4- Three Kings (David O. Russell)
Paul Thomas Anderson's overblown, operatic, and Über melodramatic morality play was one of the most audacious releases of the 90's. It took balls for Anderson to put so much out there unapologetically and for him to make a film that relies entirely on an ensemble cast to understand what he's trying to say and how he's trying to say it. Like Anderson's two biggest masters, Scorsese and Altman, his film is dripping with religious allegory and tragic downfalls; however, unlike the downward spiral of Dirk Diggler in the extremely Scorsese-influenced Boogie Nights there seems to be genuine hope here for the majority of the characters. Like an Altman picture, Anderson zips his camera from scene to scene filling with it interesting dialogue and even more interesting characters, always with music in the background to keep with the operatic theme. The constant use of music not only alleviates some of the unease of sitting through a talky three-hour film, but it gives the film the same kind of energy one would find in early Scorsese. There's a sense that we don't know where Magnolia is heading, and when it finally reaches it's very literal biblical ending you're either smiling as you go along, or you're rolling your eyes in disbelief.
There are more characters of note, of course: Melora Waters as an abused drug addict who falls in love with Reilly's cop after he pays her a visit for being too loud in her apartment (this is one of Reilly's best scenes as he does so man y nuanced things for laughs that they slip right by the passive viewer); there's Tom Cruise's T.J. Mackey, of course, one of the only reason a lot of people saw this film to begin with (although to Cruise's credit he and Anderson didn't want his picture on the poster for fear that people would walk in thinking it was a "typical" Tom Cruise movie). He plays a foul-mouthed pervert who happens to make money off of his chauvinism with a stag-seminar entitled: "Search and Destroy". Cruise's seminars are some of the best parts of the film and some of the best acting Cruise has done.
The film is an aesthetic treat, too, as Aimee Mann's beautiful music guides use through the city and the interactions of these people's lives. Anderson's film is one of the first "hyperlink" films (a phrase I first heard from Ebert)…films like Crash, Babel, and other films of their ilk. The editing by Dylan Tichenor is appropriately manic, the cinematography by the great Robert Elswit’s fluid and graceful camera (like any Anderson film there’s some wonderful tracking shots and push-ins mixed with kinetic flash pans and other camera trickery)films L.A. in an unassuming way so that when the more blatant visual correlatives occur they’re more noticeable, and the aforementioned music by Mann is one of the best things about the film…not to mention one of the keys to better understanding the characters and what Anderson is trying to say with this film (one of the most famous, and best, scenes is where Mann's "Wise Up" plays and all of the characters in their respective places sing along).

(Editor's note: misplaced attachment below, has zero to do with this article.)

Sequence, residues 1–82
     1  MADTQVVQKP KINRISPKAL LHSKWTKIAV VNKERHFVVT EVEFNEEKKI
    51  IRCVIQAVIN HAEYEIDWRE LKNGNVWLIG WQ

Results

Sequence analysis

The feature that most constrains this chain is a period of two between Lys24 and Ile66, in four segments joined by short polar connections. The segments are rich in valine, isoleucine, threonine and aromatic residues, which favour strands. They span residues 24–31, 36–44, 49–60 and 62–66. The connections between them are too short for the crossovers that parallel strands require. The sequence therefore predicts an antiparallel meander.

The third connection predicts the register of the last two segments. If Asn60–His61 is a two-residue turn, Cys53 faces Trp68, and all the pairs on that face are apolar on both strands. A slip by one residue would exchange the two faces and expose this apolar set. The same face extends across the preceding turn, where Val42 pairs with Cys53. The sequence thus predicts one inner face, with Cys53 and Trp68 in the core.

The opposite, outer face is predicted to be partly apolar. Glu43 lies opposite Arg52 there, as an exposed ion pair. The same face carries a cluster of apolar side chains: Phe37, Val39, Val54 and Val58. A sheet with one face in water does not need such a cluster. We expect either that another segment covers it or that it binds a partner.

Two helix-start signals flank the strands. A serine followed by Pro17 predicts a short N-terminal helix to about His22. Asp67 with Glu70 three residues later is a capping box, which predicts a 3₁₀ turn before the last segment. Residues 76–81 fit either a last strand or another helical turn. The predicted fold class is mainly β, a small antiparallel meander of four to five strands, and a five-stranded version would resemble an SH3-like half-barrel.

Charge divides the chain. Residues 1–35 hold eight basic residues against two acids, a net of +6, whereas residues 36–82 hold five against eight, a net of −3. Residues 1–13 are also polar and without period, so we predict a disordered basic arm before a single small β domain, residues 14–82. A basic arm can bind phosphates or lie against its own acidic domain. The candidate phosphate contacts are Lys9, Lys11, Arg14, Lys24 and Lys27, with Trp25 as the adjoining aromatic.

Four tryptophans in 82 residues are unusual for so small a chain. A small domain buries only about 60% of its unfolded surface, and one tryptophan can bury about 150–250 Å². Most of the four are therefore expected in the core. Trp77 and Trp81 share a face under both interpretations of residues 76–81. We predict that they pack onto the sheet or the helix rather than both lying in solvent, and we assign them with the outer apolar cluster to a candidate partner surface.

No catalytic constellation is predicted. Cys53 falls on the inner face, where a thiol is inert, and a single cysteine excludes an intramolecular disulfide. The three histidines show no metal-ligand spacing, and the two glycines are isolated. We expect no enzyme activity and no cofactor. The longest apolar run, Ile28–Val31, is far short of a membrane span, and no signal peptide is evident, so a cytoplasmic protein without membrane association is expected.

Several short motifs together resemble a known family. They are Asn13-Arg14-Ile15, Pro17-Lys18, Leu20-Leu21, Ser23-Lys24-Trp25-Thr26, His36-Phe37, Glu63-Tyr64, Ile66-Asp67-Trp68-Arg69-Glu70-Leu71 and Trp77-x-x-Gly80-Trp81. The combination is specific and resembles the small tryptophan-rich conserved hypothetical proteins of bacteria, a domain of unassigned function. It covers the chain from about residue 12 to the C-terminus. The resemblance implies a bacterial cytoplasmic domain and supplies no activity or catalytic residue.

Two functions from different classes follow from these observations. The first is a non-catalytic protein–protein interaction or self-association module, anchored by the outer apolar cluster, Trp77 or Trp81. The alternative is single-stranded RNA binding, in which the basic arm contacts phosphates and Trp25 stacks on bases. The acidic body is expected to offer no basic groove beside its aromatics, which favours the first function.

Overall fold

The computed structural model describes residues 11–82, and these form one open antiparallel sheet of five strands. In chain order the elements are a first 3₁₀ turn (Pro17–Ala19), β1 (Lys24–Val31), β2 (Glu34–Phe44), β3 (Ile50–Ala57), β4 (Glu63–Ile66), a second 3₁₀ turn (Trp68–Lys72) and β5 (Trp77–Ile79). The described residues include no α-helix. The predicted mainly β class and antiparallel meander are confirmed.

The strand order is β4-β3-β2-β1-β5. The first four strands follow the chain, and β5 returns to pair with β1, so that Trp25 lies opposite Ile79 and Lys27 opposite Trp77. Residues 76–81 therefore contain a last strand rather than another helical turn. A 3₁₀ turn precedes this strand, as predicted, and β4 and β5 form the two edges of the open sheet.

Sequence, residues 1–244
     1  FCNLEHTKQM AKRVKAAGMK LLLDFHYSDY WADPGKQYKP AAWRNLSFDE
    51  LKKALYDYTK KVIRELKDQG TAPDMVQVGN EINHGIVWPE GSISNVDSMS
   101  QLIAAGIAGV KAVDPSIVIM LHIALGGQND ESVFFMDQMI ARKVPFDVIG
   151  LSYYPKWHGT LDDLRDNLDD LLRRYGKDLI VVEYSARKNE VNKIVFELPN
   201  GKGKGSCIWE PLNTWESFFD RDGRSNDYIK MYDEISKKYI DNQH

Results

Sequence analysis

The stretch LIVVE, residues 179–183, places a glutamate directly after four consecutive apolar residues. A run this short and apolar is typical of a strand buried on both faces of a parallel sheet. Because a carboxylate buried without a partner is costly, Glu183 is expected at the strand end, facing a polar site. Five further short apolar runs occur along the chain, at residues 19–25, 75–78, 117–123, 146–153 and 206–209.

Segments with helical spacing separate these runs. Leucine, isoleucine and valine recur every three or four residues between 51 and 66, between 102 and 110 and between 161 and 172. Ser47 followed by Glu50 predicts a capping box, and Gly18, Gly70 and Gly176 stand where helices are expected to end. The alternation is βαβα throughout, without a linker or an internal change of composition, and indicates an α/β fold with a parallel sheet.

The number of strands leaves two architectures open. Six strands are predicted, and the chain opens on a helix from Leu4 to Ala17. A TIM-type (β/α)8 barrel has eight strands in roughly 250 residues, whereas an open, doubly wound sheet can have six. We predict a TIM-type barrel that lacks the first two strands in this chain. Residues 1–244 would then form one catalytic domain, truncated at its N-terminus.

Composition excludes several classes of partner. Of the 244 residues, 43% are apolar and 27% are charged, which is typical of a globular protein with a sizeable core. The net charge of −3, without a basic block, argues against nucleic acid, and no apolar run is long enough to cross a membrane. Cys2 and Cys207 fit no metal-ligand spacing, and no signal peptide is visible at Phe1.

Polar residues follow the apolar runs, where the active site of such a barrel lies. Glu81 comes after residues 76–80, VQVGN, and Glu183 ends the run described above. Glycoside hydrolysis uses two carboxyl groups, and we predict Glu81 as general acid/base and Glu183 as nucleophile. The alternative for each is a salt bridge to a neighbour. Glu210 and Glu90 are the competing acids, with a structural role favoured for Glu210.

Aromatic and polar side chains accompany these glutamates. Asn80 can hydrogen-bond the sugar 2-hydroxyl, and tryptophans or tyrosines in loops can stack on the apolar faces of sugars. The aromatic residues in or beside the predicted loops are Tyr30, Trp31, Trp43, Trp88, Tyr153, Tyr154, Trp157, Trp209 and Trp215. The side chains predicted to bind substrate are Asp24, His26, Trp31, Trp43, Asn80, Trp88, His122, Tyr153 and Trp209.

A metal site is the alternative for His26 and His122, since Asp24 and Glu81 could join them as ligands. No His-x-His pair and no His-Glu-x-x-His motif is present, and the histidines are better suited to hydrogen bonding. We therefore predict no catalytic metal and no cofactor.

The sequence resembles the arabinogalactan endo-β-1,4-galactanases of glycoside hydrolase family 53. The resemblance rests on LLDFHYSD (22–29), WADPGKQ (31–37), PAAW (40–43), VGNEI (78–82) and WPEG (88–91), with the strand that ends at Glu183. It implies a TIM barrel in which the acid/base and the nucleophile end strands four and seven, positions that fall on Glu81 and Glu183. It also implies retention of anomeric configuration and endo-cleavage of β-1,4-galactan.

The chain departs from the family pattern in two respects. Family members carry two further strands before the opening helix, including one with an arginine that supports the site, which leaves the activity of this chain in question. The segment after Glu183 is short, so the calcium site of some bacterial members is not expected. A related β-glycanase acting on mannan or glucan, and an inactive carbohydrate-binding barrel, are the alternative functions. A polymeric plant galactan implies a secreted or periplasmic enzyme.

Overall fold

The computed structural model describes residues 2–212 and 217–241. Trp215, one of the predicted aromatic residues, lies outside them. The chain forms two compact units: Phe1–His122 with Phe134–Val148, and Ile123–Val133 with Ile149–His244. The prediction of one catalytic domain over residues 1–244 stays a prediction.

Clearly Anderson is a fearless director. It takes guts to put a film so "out there" unabashedly and not be afraid of people perhaps thinking the film is pretentious and over-the-top melodrama. Time has been kind to Magnolia, though, and I think the recent love for another gutsy, overblown film that goes "out there" by Anderson, There Will Be Blood, has perhaps forced people to look at Magnolia with fresh eyes. I don't know if I'll ever think of There Will Be Blood the same way I think of Magnolia, but one thing they share in common and one thing that I admire the hell out of both films is Anderson's reluctance to pull back on the reins. So rare is it these days in the saturated and neutered Hollywood system to get a filmmaker who is willing to make films that feel more at home during the new wave of American cinema in the 70's. Anderson no longer has to think of himself as someone who aspires to be like Altman and Scorsese by fashioning his films after their style…he's now clearly on par with those two masters. Paul Thomas Anderson just may be the most talented and interesting American filmmaker to be unleashed on Hollywood since Martin Scorsese.